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Éva Bajkay

(b Budapest, April 15, 1936).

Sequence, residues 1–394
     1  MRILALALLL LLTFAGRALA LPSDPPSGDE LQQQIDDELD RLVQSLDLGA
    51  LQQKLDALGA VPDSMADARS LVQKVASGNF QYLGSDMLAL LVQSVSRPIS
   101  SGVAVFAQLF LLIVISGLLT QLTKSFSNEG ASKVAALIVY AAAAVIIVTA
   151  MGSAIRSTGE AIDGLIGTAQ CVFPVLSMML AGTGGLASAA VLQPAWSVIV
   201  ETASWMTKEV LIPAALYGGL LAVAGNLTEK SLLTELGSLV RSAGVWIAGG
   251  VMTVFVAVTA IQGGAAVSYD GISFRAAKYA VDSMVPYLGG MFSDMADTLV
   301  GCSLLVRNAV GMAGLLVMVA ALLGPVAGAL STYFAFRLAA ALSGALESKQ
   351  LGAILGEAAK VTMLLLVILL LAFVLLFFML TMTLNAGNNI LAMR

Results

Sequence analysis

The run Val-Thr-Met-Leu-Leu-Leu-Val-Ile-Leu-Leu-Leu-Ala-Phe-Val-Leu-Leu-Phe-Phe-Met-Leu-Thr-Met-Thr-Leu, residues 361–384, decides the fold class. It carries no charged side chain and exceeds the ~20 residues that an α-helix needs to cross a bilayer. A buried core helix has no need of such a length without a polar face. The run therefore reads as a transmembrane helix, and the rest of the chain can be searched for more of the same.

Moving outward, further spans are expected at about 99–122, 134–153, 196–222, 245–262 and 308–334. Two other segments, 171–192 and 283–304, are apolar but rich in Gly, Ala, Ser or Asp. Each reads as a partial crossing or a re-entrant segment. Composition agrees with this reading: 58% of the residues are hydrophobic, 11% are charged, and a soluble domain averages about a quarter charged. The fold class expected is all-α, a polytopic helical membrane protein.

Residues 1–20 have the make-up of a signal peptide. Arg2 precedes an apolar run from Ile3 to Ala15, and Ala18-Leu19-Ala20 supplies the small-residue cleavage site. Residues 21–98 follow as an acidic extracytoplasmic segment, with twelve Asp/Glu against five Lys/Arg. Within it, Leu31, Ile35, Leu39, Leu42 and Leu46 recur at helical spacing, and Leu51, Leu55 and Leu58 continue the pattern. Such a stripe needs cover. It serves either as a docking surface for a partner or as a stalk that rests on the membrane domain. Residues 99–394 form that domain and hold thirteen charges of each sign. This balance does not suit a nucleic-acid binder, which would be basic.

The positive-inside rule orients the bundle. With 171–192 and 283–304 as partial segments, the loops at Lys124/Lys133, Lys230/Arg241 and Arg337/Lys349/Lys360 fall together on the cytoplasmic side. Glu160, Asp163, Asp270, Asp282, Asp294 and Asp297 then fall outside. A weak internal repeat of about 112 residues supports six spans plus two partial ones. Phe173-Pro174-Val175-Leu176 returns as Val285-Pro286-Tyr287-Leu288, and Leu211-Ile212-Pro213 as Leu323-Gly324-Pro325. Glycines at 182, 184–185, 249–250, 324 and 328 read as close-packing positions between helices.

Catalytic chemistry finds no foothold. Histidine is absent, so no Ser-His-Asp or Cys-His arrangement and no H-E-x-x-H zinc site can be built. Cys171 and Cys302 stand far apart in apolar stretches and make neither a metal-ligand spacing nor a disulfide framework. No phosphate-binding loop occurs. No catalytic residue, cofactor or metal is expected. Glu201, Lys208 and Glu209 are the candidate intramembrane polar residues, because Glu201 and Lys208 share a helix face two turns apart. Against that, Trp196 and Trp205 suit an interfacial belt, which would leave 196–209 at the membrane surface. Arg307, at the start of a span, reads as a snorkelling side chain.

Hungarian painter, conceptual artist and teacher. By 1956 he was familiar with most modernist tendencies. In 1960 he graduated from the Academy of Fine Arts, Budapest, having already taken part in exhibitions as an undergraduate. Lakner’s unique Hungarian mixture of Surrealism and naturalism was primarily influenced by the Hungarian painter Tibor Csernus (b 1927). Lakner’s first works were precisely executed naturalistic life studies and still-lifes, imbued with a magical quality (e.g. Scraps of Metal, 1960; Budapest, priv. col.). In other works repetition and density are used to create special effects. From 1962 the influence of Pop art is apparent in his works representing everyday objects, which lacked emotional or personal meaning (e.g. Microscopes, 1960; Budapest, N.G.). Dark tones and metallic shadows characterize his use of colour. Robert Rauschenberg’s art was influential after Lakner saw it at the Venice Biennale of 1964. He was also influenced by montage, in particular John Heartfield’s Dada and Neo-Dada works. He drew upon his knowledge of art history for such montages as ...